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The secret ingredients

Updated Monday 13th September 2010

The Saving Species team is joined by paediatrician and diversity of nature advocate Aaron Bernstein, as they take a slice of the pie of life and explore the hidden treasures of the interdependent system that is biodiversity.

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Presenter:  It’s a rather lovely sultry kind of June day looking out over a major reservoir that feeds the city of Bristol.  A few yachts sailing peacefully by, some ducks quacking, and surrounding us are lots of hills, fields, agricultural land and forests.  I see a lovely lake, opportunity for some relaxation and some sport, and welcome fresh water for our city, is that what you see?

Aaron Bernstein:  I do.  It’s a pretty lovely spot we’ve got here.  We’re sitting in the middle of a watershed that is a major sponge that purifies the city’s water, just like similar ecosystems all over the world purify the water for hundreds of millions of city dwellers.

Presenter:  When you say purify the water, can you tell me what you mean by that?

Aaron Bernstein:  Sure.  There is an abundance of microbial life that can actually break down chemicals that would enter into the water supply, and these include everything from agricultural chemicals to industrial chemicals, and what’s remarkable about these microbes is that they do this of course for free, whereas human constructed water filtration plants generally do nothing to remove these toxic substances from water.

Presenter:  We can put people on the moon.  We can do all kinds of things.

Aaron Bernstein:  Absolutely, we could remove those toxics if we really wanted to with some sort of filtration process, but of course that requires building the infrastructure and paying for it.  But these microbes – we don’t pay anything.  In fact we know precious little about the microbes that live on this planet, even though it’s quite clear that they are at least, at a genetic level, the most diverse creatures around.  There’s more diversity in the genomes of the microbial life forms on earth than in all of the things we can see.

Presenter:  So bringing us back to this lake in front of us, if I’m going to talk about the biodiversity that’s around this lake, I will obviously talk about these lovely spring flowers that are everywhere, we can hear some birds singing, there’s ducks and swans, but that in effect then is only the tip of the iceberg?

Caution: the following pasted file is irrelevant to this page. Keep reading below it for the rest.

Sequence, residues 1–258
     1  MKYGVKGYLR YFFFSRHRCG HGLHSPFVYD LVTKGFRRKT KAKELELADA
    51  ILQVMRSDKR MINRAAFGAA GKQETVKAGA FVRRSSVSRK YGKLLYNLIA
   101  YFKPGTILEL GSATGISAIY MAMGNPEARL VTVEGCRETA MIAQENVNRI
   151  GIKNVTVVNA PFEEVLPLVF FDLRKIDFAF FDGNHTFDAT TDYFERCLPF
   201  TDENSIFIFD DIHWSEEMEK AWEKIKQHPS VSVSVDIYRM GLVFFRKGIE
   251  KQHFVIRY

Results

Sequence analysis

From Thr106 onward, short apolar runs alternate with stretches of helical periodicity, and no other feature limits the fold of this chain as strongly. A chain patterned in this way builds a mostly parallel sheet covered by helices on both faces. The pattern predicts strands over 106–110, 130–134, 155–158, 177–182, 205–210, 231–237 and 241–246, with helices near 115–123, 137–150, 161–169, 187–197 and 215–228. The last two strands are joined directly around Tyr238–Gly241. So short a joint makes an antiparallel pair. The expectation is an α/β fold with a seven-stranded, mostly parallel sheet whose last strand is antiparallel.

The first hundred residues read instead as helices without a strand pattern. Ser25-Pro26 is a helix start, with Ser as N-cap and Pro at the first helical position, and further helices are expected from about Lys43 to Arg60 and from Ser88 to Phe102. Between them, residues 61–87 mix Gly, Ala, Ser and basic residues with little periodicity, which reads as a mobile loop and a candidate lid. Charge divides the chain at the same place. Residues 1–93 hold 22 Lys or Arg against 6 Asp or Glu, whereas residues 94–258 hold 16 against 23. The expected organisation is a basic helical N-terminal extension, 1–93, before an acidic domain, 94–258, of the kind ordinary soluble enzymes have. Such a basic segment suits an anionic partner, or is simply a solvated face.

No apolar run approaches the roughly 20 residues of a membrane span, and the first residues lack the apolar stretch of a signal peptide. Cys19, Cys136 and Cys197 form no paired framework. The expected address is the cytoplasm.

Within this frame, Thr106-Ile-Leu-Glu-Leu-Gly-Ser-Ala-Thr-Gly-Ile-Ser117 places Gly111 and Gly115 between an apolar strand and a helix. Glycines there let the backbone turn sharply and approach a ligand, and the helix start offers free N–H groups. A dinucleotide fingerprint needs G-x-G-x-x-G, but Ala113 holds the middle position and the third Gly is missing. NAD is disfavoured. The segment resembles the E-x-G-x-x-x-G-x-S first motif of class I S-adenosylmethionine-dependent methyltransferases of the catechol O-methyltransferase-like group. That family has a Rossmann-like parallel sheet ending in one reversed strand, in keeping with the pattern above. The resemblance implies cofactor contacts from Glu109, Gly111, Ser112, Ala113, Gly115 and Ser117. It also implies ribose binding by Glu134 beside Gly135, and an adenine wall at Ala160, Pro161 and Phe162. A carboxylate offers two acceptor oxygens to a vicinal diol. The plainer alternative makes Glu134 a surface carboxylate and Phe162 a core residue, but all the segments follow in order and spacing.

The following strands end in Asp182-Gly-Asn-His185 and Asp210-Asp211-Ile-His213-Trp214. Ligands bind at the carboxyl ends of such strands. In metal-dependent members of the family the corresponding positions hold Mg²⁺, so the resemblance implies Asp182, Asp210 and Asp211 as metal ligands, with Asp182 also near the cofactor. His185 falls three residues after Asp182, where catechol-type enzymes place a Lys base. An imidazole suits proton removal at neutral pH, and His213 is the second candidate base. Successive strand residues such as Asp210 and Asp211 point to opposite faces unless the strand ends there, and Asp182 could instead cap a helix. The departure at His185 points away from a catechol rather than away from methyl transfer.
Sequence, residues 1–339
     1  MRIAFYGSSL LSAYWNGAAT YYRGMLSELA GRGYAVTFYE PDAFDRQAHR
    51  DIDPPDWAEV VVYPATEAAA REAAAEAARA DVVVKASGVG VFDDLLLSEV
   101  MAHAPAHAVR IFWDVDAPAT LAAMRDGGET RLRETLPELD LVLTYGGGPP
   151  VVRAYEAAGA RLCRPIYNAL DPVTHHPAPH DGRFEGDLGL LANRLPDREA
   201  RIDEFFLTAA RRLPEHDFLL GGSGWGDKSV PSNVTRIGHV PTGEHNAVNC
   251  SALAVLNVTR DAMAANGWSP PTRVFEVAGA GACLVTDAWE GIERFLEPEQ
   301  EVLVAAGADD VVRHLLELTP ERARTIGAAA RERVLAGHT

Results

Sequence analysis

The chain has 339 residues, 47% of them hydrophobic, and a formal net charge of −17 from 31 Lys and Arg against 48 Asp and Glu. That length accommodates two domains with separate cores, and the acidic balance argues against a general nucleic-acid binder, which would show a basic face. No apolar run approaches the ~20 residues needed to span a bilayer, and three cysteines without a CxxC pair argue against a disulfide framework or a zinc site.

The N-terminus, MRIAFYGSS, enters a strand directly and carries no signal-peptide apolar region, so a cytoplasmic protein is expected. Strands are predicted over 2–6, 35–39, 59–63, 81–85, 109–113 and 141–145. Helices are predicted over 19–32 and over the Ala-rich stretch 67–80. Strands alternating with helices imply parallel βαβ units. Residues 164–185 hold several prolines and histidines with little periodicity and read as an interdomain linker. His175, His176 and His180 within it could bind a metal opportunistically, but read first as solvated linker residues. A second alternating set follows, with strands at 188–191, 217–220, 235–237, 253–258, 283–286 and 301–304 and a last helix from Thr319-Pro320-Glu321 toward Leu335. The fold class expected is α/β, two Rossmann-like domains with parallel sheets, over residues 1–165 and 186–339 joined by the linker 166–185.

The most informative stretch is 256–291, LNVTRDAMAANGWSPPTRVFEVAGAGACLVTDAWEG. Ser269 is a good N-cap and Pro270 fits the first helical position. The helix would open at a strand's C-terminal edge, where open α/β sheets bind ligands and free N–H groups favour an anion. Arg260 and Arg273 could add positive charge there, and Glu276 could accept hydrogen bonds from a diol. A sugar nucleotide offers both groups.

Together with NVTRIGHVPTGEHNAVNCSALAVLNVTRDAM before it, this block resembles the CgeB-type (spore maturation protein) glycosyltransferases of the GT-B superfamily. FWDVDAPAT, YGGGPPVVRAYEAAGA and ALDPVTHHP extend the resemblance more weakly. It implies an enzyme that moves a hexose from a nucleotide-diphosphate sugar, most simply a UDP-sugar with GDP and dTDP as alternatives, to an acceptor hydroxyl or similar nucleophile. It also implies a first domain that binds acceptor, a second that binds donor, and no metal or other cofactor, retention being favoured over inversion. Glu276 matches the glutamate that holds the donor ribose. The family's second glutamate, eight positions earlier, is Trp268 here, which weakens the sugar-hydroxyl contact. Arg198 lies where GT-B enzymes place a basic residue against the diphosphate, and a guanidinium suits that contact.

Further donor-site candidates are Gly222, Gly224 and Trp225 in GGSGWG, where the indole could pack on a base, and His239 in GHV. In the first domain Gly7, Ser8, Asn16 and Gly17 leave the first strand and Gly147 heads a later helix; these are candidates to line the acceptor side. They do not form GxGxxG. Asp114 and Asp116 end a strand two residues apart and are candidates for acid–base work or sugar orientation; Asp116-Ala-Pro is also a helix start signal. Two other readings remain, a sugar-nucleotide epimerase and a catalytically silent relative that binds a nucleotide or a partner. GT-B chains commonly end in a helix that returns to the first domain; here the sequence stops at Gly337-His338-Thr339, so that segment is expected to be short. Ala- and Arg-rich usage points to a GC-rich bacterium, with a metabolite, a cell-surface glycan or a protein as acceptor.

Aaron Bernstein:  That’s right.  So many of us were taught that there are five kingdoms of life, so that there are the animals, the plants, the fungi, the so called protists and the monera, and the five kingdoms are very colourful.  A nice way of thinking about life, but they don’t do biodiversity justice because they don’t really divide the pie of life up equally.  It comes as a bit of jarring news to people that in fact there may be more microbes in us and on us than there are cells of us.  

Presenter:  Do you think we’re on the wrong track then? Do you think that when we talk a lot in the conservation world about preserving biodiversity because the more biodiversity we have the healthier the ecosystems of the world, that in a sense our focus is in the wrong place and that we ought to be looking in a different area; we ought to be looking to the microbial world much more than we are the big mega fauna like the polar bears and the lions?

Aaron Bernstein:  I think that the focus is well placed because it’s much easier for someone to form an emotional attachment to a penguin or a polar bear or a colourful bird than it is with the microbial life that clearly has relevance to our wellbeing.  We need to above all motivate people to be interested in nature in a way that is tremendously important to conserving it.  At the same time, and this is the International Year of Biodiversity, I think it is critical that we rethink this idea of biodiversity.